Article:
Based on their looks, you can tell that you’ll spend a lot of time brushing them, so be sure to invest in a good de-shedding tool that can reach its undercoat without damaging its skin or outer coat. In general, giving them a groom every other day is enough to keep furry hairballs under control but shedding season is a different story. During this time, you’ll need to brush your Shiba Husky every day to keep dog hair away from your furniture, and everything else in your home.
Luckily, this hybrid dog takes a lot of price in its physical appearance and will often clean its coat — this independent dog won’t need weekly baths. Washing it once every 8 weeks should be enough to keep them looking squeaky clean. Other grooming needs such as nail clipping and ear cleaning can be done once a month or as needed.
Shiba Inu Husky Mix Health Problems
The Shiba Husky is relatively healthy and will enjoy a life expectancy between 12 to 16 years which is longer than most hybrid breeds. However, you’ll need to be updated with all of its vaccinations and provide it with regular checkups with your vet. While both their parent breeds are very healthy, they do come with health issues that potential owners should know about.
- Hip Dysplasia: This condition is caused by the abnormal formation of the dog’s hip joint, which makes them grind and results in pain. It eventually leads to painful arthritis and decreased mobility.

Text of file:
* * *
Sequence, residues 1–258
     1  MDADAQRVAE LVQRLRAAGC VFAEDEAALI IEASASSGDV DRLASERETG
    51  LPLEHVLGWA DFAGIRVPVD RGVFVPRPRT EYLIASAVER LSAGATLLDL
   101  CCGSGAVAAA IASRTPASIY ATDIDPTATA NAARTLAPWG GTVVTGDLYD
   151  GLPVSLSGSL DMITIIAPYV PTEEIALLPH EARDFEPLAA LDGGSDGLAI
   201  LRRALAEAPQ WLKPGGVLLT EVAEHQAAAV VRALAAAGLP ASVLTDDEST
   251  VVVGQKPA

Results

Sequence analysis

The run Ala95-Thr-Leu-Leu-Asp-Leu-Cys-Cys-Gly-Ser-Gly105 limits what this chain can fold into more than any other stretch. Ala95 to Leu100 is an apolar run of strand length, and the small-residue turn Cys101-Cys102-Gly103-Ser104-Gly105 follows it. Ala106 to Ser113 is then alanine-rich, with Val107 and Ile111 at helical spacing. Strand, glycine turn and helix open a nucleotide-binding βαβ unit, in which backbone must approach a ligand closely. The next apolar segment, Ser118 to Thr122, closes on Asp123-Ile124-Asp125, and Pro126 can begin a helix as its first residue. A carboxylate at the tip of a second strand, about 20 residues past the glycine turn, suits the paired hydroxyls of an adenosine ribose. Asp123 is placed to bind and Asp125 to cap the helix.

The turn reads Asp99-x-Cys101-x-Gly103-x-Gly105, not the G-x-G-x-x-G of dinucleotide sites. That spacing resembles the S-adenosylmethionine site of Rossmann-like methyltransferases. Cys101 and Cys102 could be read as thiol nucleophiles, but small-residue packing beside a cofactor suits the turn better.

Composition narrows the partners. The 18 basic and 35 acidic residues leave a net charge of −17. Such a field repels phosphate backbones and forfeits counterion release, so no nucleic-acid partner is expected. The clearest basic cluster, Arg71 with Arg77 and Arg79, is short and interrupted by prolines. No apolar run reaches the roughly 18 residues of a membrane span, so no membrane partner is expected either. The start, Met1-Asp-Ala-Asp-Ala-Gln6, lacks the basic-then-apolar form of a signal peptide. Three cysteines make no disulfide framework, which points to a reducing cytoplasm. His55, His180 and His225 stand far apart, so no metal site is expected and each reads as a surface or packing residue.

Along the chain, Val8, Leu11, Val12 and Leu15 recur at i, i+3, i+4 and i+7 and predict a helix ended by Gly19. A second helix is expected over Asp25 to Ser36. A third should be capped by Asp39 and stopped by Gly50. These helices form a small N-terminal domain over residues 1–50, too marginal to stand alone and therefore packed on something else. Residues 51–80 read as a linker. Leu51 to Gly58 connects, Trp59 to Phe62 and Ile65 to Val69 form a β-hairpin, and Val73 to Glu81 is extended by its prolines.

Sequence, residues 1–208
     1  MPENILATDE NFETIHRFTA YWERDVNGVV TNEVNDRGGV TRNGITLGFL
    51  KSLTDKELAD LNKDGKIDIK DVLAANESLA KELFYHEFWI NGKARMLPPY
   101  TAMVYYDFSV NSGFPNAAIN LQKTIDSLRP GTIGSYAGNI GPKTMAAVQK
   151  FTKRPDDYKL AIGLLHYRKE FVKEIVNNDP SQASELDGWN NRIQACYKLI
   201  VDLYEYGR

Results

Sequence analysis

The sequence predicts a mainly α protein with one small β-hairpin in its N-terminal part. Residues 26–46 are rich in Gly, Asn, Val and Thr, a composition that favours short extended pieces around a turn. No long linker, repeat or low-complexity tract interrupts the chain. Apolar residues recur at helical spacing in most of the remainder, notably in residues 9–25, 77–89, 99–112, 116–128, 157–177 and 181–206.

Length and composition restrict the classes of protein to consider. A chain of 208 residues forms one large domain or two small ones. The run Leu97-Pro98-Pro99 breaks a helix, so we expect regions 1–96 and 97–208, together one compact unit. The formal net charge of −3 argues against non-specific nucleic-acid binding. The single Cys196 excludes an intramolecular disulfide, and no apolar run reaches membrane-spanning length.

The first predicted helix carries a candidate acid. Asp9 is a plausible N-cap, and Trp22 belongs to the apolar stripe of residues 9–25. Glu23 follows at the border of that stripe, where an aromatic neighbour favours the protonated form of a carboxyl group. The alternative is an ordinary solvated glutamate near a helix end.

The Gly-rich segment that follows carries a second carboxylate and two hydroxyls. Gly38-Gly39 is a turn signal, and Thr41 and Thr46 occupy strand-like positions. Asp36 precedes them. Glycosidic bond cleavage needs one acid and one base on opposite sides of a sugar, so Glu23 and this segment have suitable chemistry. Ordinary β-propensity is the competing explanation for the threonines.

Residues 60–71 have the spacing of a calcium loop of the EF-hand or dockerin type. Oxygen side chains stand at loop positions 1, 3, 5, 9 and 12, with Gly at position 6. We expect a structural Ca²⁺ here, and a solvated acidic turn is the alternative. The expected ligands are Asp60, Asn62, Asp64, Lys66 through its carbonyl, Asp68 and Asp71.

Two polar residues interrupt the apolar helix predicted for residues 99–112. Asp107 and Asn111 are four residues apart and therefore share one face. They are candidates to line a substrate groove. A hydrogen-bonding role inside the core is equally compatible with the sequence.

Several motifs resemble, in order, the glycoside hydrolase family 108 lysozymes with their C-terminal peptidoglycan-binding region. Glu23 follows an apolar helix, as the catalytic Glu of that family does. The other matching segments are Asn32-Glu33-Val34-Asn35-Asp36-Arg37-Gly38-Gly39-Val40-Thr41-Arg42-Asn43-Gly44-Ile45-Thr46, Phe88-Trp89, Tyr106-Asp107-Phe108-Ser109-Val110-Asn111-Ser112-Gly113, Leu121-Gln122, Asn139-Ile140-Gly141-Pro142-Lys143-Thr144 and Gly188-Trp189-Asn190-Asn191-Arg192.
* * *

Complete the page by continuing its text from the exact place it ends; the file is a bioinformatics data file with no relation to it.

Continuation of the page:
- Glaucoma: A condition of the eye where it receives pressure, causing abnormal fluid drainage from the dog’s eyes. When left untreated, it can result in complete blindness.
- Patellar Luxation: This happens when the kneecap is dislocated from where it usually sits on the thigh bone, and can affect your dog’s mobility and can lead to a lot of pain.
- Progressive Retinal Atrophy: Dogs with this condition are born with normal rods and cones in their eyes but their cells will start to break down sometime during their adulthood. This can lead to blindness but how fast it progresses and the age when it begins will vary depending on the individual dog and its breed.
How Much Does the Shiba Inu Husky Mix Cost?
You can expect to shell out around $500 to $1,000 on a Shiba Inu Husky mix puppy since it’s still a relatively new hybrid and there isn’t a lot of information going around about these guys. However, it’s essential to work with a reputable breeder who won’t just ensure healthy puppies, but also treat and train them correctly. Shiba Inu Huskies can be challenging to care for at a young age, so it’s important that you help them get a sociable start in their lives to prevent future problems with their behavior.
If you’re convinced that the Shiba Husky is the right puppy for you, the next thing you need to do is look for a breeder. However, this task is going to be a lot harder compared to looking for a Labrador Retriever, so get started by looking for online breeders who are trustworthy and have proven experience with breeding dogs. You may need to do some solid research before finding one that you like, and once you find someone, make sure to meet them in person.